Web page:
- Study protocol
- Open Access
Improving quality of life through the routine use of the patient concerns inventory for head and neck cancer patients: a cluster preference randomized controlled trial
BMC Cancer volume 18, Article number: 444 (2018)
The consequences of treatment for Head and Neck cancer (HNC) patients has profound detrimental impacts such as impaired QOL, emotional distress, delayed recovery and frequent use of healthcare. The aim of this trial is to determine if the routine use of the Patients Concerns Inventory (PCI) package in review clinics during the first year following treatment can improve overall quality of life, reduce the social-emotional impact of cancer and reduce levels of distress. Furthermore, we aim to describe the economic costs and benefits of using the PCI.
This will be a cluster preference randomised control trial with consultants either ‘using’ or ‘not using’ the PCI package at clinic. It will involve two centres Leeds and Liverpool. 416 eligible patients from at least 10 consultant clusters are required to show a clinically meaningful difference in the primary outcome. The primary outcome is the percentage of participants with less than good overall quality of life at the final one-year clinic as measured by the University of Washington QOL questionnaire version 4 (UWQOLv4). Secondary outcomes at one-year are the mean social-emotional subscale (UWQOLv4) score, Distress Thermometer (DT) score ≥ 4, and key health economic measures (QALY-EQ-5D-5 L; CSRI).
This trial will provide knowledge on the effectiveness of a consultation intervention package based around the PCI used at routine follow-up clinics following treatment of head and neck cancer with curative intent. If this intervention is (cost) effective for patients, the next step will be to promote wider use of this approach as standard care in clinical practice.
32,382. Clinical Trials Identifier, NCT03086629. Protocol: Version 3.0, 1st July 2017.
The incidence of Head and neck cancer (HNC) is increasing, the three main sites being oral cavity (mouth), oropharynx (throat) and larynx (voice box) with about 11,000 new cancers in the UK each year http://www.cancerresearchuk.org/about-cancer/mouth-cancer. Treatments such as surgery and chemo-radiotherapy have a detrimental effect on basic functions including speech, swallowing and appearance. These in turn can have a profound negative influence on emotional well-being and social integration http://www.handle-on-qol.com/About.aspx. Patients often do not raise issues of concern in their follow-up consultations and it can be a challenge for clinicians to facilitate this in a busy clinic . Questionnaire prompt lists (QPL) are a means to allow patients to raise their agenda and help focus consultations [2,3,4,5]. The Patient Concerns Inventory (PCI-HN) is an item prompt list specific to head and neck cancer  http://www.headandneckcancer.co.uk/professionals/patient-concerns-inventory, and differs from many QPLs, which are more general cancer tools . The PCI-HN was designed for routine clinic consultations within the context of NHS financial constraints. It is freely available http://www.patient-concerns-inventory.co.uk and is in the early phases of development for other cancers and chronic conditions. The PCI consists of 56 clinical items, which patients select from before their appointment, to help guide the outpatient consultation through the symptoms and problems that they may experience following their treatment for HNC. It helps to focus the consultation, aid doctor-patient communication, and can assist in signposting patients to other professional for advice and support.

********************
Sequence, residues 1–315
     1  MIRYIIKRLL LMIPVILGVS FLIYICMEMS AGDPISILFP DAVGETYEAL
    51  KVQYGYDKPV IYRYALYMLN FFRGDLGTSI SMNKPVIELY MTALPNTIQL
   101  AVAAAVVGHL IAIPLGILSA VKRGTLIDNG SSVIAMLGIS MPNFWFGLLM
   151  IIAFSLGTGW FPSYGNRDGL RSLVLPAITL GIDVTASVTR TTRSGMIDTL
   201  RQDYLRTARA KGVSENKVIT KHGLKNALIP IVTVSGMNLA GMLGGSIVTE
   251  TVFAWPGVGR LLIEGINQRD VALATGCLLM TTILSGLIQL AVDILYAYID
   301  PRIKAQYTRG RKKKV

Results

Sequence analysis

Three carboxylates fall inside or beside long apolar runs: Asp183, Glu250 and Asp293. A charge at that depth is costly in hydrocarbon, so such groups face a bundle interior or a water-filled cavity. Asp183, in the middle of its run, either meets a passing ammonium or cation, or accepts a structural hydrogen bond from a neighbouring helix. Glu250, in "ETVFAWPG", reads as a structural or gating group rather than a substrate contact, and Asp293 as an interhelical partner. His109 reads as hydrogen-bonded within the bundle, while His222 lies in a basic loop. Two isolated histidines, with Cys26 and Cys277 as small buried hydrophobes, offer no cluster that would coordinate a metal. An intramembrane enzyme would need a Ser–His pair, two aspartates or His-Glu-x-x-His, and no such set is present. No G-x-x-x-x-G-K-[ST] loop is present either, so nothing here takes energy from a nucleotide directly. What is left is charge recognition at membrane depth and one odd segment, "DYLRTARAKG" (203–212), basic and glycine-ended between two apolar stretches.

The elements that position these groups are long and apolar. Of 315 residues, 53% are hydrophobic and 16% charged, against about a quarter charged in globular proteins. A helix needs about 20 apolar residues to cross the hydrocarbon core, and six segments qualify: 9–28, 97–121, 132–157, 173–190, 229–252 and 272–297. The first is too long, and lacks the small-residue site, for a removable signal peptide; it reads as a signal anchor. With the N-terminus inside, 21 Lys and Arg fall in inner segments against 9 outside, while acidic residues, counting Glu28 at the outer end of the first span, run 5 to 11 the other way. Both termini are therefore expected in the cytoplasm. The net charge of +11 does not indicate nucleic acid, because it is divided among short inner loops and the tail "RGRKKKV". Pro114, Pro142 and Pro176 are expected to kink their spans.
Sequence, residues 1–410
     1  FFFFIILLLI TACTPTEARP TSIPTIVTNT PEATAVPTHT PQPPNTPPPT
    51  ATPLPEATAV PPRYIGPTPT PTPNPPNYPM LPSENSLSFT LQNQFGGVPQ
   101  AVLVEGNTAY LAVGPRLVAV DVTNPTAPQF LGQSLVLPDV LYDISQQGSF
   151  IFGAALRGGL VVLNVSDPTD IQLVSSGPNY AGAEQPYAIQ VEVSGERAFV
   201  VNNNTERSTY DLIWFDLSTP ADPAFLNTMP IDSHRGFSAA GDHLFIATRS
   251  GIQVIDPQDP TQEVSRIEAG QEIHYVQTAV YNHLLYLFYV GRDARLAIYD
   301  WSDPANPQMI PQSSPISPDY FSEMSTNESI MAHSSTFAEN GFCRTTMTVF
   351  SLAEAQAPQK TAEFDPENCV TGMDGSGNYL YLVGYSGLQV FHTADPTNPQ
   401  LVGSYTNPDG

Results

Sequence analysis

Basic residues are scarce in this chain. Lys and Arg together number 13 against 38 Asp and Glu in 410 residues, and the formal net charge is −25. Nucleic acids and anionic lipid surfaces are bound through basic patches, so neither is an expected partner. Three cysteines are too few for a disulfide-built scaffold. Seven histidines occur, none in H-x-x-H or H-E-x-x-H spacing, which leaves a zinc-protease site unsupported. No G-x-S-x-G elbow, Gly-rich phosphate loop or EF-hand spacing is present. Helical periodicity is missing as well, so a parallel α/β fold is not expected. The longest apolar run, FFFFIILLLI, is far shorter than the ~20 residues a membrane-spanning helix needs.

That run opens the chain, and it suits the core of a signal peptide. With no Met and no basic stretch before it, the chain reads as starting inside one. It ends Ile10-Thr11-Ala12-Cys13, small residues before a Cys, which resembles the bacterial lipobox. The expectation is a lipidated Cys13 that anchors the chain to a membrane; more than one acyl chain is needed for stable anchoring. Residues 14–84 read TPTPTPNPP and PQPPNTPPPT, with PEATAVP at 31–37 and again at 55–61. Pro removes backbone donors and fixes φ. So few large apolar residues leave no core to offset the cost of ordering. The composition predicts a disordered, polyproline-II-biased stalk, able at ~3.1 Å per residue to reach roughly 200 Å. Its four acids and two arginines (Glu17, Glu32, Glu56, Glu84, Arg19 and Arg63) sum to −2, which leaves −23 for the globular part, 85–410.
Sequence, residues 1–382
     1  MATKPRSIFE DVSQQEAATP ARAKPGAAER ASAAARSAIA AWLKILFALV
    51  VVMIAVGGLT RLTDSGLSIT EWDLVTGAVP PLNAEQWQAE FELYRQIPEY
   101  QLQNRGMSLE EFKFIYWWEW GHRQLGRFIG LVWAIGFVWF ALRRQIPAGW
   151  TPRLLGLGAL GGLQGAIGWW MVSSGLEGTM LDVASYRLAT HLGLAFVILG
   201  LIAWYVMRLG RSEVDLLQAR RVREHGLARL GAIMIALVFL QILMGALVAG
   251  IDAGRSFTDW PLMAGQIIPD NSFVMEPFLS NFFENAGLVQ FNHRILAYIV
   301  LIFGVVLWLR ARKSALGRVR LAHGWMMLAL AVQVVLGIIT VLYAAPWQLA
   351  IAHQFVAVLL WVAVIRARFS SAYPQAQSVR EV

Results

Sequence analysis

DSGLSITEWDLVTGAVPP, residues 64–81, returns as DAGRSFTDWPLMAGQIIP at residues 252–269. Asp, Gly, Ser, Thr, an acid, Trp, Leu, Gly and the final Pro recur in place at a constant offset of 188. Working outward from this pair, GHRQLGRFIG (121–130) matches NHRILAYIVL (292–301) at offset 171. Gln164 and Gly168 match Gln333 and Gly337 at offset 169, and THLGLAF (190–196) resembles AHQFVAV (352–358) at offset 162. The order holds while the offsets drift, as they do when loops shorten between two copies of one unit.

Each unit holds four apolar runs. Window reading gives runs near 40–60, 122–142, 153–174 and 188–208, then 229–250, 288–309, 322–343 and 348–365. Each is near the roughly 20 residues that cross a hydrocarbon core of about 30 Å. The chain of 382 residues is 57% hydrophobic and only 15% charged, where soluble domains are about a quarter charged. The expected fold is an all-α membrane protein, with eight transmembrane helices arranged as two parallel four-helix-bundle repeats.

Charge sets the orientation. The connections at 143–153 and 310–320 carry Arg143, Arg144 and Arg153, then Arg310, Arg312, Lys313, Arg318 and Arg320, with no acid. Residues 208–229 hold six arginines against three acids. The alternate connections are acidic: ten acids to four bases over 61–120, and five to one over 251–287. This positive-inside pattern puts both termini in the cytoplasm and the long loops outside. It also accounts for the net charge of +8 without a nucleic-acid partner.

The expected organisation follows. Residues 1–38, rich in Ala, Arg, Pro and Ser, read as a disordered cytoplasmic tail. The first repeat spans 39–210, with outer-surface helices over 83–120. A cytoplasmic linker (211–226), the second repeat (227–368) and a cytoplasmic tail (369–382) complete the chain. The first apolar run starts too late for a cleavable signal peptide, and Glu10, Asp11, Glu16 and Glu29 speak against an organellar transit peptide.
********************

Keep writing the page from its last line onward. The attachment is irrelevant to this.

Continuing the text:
The PCI supports several national initiatives and is set in the context of the national debate about how to bring about more person-centred care [8, 9] and the National Cancer Survivorship Initiative http://www.ncin.org.uk/cancer_type_and_topic_specific_work/topic_specific_work/survivorship which ‘aims to ensure that those living with and beyond cancer get the care and support they need to lead as healthy and active a life as possible, for as long as possible’. In a survey of the British Association of Head and Neck Oncology Nurses (BAHNON), the PCI at that time, was the preferred assessment and the majority (60%) felt, as a head and neck specific tool, it was ‘most appropriate’ .
Oncology review clinics are busy and barriers such as time constraints, a medical focus of the consultation, and lack of level 1 evidence of patient benefit from the use of the PCI, prevents its wider implementation. Although pilot work has shown that patients completing the PCI would like to continue to use it in clinic and that it is feasible, [11, 12] clinicians tend to focus on traditional medical aspects. There is evidence that consultations can be improved through clinicians developing skills in detecting and responding to patient distress, thereby improving their patients’ emotional functioning and reducing psychological distress [13, 14]. Preliminary findings around the PCI suggest that its use in clinic allows emotional issues to be discussed more openly - notably fears of recurrence, anxiety and depression [15, 16]. Hence the PCI could help clinician communication with patients in these important areas and consequently impact on how consultations are constructed.